The Safest Way to Test Makeup

Having owned a beauty store for a few years I can honestly say that the one thing that keeps me from entering most cosmetic departments and makeup super stores is the often unsanitary tester units.

Knowing how much bacteria such as staph or E coli can linger on individual cosmetic products my number one priority in my business was (and is) keeping shared products like those in tester units clean and safe for the general public. In fact, because we also provided spa services the State Board of Cosmetology kept an eye on us with surprise inspections (as they do with most new spas and salons) and because of our own stringent policies of daily tester cleaning and covering items with lids when the store was closed we always passed with flying colors. Unfortunately cosmetic testers in stores are not regulated at all…. So buyer beware!

Allure Magazine did an amazing article on how to make safe choices when you are testing out cosmetics.

So, are those in-store testers just kind of icky or can they actually be dangerous?

To find out, I asked Elizabeth Brooks, a professor of biological science who ran a Rowan University study on makeup tester germs. Turns out, the news is not good: “More than half of all testers were contaminated, and we found staph, strep and E. coli bacteria from feces,” she says. Not only is that disgusting, but it also means that by trying an eye shadow or lipstick, “you can contract pink eye, infections or even viruses like herpes or hepatitis,” Brooks says. (Herpes, people!) But since we know that no one wants to buy makeup without seeing how it’ll look on, we found out how to do so safely:

Ask the salesperson to prep the tester. For lipstick, he or she should dip it in alcohol, then scrape off the top layer, and use a new, disposable applicator—not his or her finger—or a brush sprayed with alcohol. Since all of the contamination is on the surface layer, sharpening works for lip- or eyeliners. Powders can be just as germy as creams, so you can try bringing your own makeup alcohol wipes to clean them (we like Beauty So Clean Cosmetic Sanitizer Wipes), though Brooks says to make sure you wipe the entire surface of the tester, and that you still have the salesperson scrape it afterward.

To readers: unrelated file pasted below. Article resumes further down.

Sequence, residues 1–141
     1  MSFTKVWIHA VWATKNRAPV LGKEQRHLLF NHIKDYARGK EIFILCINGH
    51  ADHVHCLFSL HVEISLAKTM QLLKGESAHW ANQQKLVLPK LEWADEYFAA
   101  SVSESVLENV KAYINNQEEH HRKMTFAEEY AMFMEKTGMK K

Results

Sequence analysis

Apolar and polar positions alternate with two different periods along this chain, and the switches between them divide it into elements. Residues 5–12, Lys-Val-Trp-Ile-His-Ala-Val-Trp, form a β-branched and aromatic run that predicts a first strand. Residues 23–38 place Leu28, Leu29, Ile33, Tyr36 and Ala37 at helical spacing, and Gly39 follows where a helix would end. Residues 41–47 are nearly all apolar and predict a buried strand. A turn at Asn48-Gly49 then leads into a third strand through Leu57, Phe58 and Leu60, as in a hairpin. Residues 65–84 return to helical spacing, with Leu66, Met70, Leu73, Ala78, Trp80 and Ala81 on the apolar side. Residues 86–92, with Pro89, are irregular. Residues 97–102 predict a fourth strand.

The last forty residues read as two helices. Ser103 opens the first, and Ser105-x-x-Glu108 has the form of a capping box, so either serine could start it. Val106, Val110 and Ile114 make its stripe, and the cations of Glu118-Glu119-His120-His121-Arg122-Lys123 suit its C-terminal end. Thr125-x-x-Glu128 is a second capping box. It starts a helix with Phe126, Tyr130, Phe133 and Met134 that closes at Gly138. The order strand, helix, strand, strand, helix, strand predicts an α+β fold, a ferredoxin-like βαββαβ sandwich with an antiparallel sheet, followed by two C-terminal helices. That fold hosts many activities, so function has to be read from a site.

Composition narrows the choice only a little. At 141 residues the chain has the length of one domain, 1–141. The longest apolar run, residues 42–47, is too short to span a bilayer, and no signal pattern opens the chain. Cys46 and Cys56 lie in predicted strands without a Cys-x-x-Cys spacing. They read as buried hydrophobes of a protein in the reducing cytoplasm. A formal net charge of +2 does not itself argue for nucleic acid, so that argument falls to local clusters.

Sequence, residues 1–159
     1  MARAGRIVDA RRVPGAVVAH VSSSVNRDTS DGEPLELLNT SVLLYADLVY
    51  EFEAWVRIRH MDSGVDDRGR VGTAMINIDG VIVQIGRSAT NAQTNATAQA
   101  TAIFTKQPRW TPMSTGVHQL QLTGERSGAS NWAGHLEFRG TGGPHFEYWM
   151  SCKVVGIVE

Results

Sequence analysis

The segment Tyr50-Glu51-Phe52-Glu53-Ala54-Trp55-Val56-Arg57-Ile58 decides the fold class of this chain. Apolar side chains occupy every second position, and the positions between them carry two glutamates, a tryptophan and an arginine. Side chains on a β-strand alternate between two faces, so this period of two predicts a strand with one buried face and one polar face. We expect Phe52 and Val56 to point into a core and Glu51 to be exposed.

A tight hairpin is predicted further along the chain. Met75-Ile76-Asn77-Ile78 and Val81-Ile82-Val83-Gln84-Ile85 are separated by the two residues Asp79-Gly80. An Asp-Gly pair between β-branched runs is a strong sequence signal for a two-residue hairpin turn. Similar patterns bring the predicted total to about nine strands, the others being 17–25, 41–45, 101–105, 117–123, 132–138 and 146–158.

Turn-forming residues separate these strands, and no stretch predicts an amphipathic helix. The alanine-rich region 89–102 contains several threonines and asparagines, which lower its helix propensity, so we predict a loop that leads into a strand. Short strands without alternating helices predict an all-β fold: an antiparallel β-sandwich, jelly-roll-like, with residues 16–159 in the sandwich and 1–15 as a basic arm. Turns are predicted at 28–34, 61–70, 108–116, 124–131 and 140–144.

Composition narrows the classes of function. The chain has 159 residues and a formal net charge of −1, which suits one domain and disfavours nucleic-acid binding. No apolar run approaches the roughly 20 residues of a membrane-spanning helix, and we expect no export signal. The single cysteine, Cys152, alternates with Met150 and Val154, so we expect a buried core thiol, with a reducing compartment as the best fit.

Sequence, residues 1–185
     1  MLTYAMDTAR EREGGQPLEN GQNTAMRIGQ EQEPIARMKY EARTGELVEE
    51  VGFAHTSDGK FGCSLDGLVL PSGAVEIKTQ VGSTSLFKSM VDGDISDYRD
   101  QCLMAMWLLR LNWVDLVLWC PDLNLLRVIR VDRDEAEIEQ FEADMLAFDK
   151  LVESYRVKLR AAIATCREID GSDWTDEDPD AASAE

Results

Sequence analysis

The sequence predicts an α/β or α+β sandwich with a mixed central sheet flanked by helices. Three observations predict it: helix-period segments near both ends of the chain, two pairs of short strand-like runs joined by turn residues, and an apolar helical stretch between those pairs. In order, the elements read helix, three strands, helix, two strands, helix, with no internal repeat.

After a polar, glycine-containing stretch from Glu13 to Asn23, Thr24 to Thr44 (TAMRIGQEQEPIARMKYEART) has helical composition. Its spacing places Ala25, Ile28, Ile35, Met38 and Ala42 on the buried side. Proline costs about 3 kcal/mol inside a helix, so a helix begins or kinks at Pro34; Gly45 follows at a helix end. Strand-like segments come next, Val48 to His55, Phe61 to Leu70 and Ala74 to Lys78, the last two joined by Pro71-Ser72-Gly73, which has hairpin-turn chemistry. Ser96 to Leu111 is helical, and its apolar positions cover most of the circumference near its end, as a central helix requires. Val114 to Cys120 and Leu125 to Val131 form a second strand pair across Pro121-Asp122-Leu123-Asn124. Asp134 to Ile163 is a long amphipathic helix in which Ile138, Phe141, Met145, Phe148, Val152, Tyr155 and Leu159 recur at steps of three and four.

Shop on weekdays. Brooks took samples on different days of the week, and Saturdays were the most contaminated days, presumably since there are more mall shoppers on weekends. The least-germy batches were Friday morning and Wednesday morning, since the nights before tend to be low-traffic.

Quit the pot. Don’t try anything that comes in an open jar people dip a finger into, such as lotion, lip gloss or loose eye shadow, because then the contamination isn’t just on the top layer—it’s throughout, so there’s no way to clean it, says Brooks.

Get cheeky. It’s fine to apply foundation, blush, or any other products to the back of your hand, cheek or jawline, since “the worst thing you could catch is a zit,” says Brooks. But unless you know you’re getting a clean sample, avoid applying testers to your eyes or lips, which are direct entry points for germs and can lead to infections and viruses. – Sarah Wexler

If you happen to be concerned about your own products as mentioned above I love Beauty So Clean who actually makes the first natural cosmetic “cleaner”. It sanitizes your makeup from lipsticks to shadows to foundations without ruining the products. And they also make my all- time favorite brush cleaner without all the toxic chemicals to keep your brushes fresh, clean and smelling pretty!

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